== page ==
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Pirelli Cinturato Velo TLR Reflective Tyre

700x28c (28-622) 370g each £66.99 each

The Pirelli Cinturato Velo TLR Reflective Tyre is a clincher type tyre aimed at road and light gravel cycling. It’s tubeless ready, provided, of course, that your wheels are, and has a nice reflective band for night-time ventures. Sounds perfect for some lively commuting and general jaunts. A mixture of durability, control, and robust protection are on offer. I have not been disappointed.

 

Pros: easy to put on and take off, sensible sizes, lively, reflective strip.

 

Cons: light gravel means just that, not more.

Spec/Materials 4.5/5

Available in three colours, the Pirelli Cinturato tyre is a tubeless ready clincher. The blurb states that Pirelli’s SmartNet Silica technology gives these tyres anisotropic properties. Fundamentally, this means that the molecules are in an orderly pattern allowing the material to demonstrate different qualities when measured in different directions; presumably, in this case, rolling and grip, especially when cornering in the wet. This should be a lively, stable tyre.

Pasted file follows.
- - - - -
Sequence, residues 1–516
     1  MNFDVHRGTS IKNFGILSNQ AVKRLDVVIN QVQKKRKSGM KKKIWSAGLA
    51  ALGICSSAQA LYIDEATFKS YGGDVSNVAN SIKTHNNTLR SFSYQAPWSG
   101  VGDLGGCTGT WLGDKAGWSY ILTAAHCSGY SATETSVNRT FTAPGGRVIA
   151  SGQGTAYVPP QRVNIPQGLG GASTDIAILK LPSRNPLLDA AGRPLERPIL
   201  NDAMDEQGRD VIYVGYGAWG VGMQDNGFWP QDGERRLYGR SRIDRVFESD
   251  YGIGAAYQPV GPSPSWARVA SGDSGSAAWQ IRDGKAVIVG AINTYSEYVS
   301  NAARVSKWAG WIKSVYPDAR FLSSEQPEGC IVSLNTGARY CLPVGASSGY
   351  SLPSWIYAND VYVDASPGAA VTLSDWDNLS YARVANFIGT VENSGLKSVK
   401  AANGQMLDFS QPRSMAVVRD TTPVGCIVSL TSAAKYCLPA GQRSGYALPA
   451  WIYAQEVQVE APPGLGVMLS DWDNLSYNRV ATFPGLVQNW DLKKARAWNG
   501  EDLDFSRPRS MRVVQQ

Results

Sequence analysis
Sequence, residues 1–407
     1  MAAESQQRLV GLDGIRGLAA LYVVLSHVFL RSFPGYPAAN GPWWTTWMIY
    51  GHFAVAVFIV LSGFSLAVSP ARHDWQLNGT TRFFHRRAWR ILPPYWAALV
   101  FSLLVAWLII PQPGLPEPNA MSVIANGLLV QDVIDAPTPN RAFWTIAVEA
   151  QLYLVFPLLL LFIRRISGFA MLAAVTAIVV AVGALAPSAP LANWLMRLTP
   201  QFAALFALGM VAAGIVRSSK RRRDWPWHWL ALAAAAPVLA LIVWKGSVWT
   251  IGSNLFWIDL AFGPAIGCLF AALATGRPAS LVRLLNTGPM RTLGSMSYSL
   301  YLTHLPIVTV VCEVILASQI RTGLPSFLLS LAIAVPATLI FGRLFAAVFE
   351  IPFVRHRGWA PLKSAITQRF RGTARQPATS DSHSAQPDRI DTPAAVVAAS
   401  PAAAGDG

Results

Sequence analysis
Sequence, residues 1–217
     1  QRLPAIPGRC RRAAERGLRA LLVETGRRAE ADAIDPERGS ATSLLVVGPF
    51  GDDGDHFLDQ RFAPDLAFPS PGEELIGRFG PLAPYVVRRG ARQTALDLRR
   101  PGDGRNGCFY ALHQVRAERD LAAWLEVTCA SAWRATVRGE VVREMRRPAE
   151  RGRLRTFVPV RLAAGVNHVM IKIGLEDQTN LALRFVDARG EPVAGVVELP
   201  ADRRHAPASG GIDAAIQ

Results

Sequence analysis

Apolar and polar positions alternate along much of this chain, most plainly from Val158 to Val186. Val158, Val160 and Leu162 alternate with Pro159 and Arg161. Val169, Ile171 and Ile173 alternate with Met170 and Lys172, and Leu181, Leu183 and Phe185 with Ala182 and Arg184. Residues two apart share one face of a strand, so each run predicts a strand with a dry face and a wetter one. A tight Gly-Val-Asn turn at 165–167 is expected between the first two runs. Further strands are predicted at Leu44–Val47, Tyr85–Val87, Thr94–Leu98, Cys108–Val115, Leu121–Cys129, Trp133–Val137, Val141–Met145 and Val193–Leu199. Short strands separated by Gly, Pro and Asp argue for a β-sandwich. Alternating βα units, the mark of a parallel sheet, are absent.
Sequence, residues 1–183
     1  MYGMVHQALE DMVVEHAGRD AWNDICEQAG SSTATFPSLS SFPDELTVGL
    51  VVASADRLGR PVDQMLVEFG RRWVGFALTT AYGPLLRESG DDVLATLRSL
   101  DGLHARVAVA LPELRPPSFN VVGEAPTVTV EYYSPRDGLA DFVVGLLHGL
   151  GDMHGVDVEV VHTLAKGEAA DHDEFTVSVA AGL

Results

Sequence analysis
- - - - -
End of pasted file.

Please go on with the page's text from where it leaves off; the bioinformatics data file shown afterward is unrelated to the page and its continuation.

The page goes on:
60 TPI in the nylon casing promises a good mix of rolling – without the out and out ease of racing slicks – and durability. However, there’s more to things than this, as you’d hope at this price point. Firstly, there’s an inner layer of high-density nylon from bead to bead, providing the final barrier to unwanted foreign objects, as well as offering stability at low pressures when running as tubeless.

Available in three colours, the Pirelli Cinturato tyre is a tubeless ready clincher. The blurb states that Pirelli’s SmartNet Silica technology gives these tyres anisotropic properties. Fundamentally, this means that the molecules are in an orderly pattern allowing the material to demonstrate different qualities when measured in different directions; presumably, in this case, rolling and grip, especially when cornering in the wet. This should be a lively, stable tyre.

 

60 TPI in the nylon casing promises a good mix of rolling – without the out and out ease of racing slicks – and durability. However, there’s more to things than this, as you’d hope at this price point. Firstly, there’s an inner layer of high-density nylon from bead to bead, providing the final barrier to unwanted foreign objects, as well as offering stability at low pressures when running as tubeless.

Size and fitting 4/5

tyre cycle bike package pirelli
pirelli tyre cinturato bike cycle

Well, fingers and thumbs only onto the rims on the ex-tourer-cum-commuter-beast-of-burden Dawes: Ryde Sputnik and Mavic A217. Very easy. Harder over Tannus Armor inserts, but that is to be expected: long-handled wand or good quality levers required.

 

Removal was easy, too, courtesy of the inexpensive, but highly effective Lifeline Tyre Levers.

 

Of course, these are tubeless ready. So, with compatible rims or a conversion kit, you can get the benefit of running tubeless. The tyres seemed to stick to the rims pretty rapidly, but there’s more to setting up tubeless than cooperative tyres.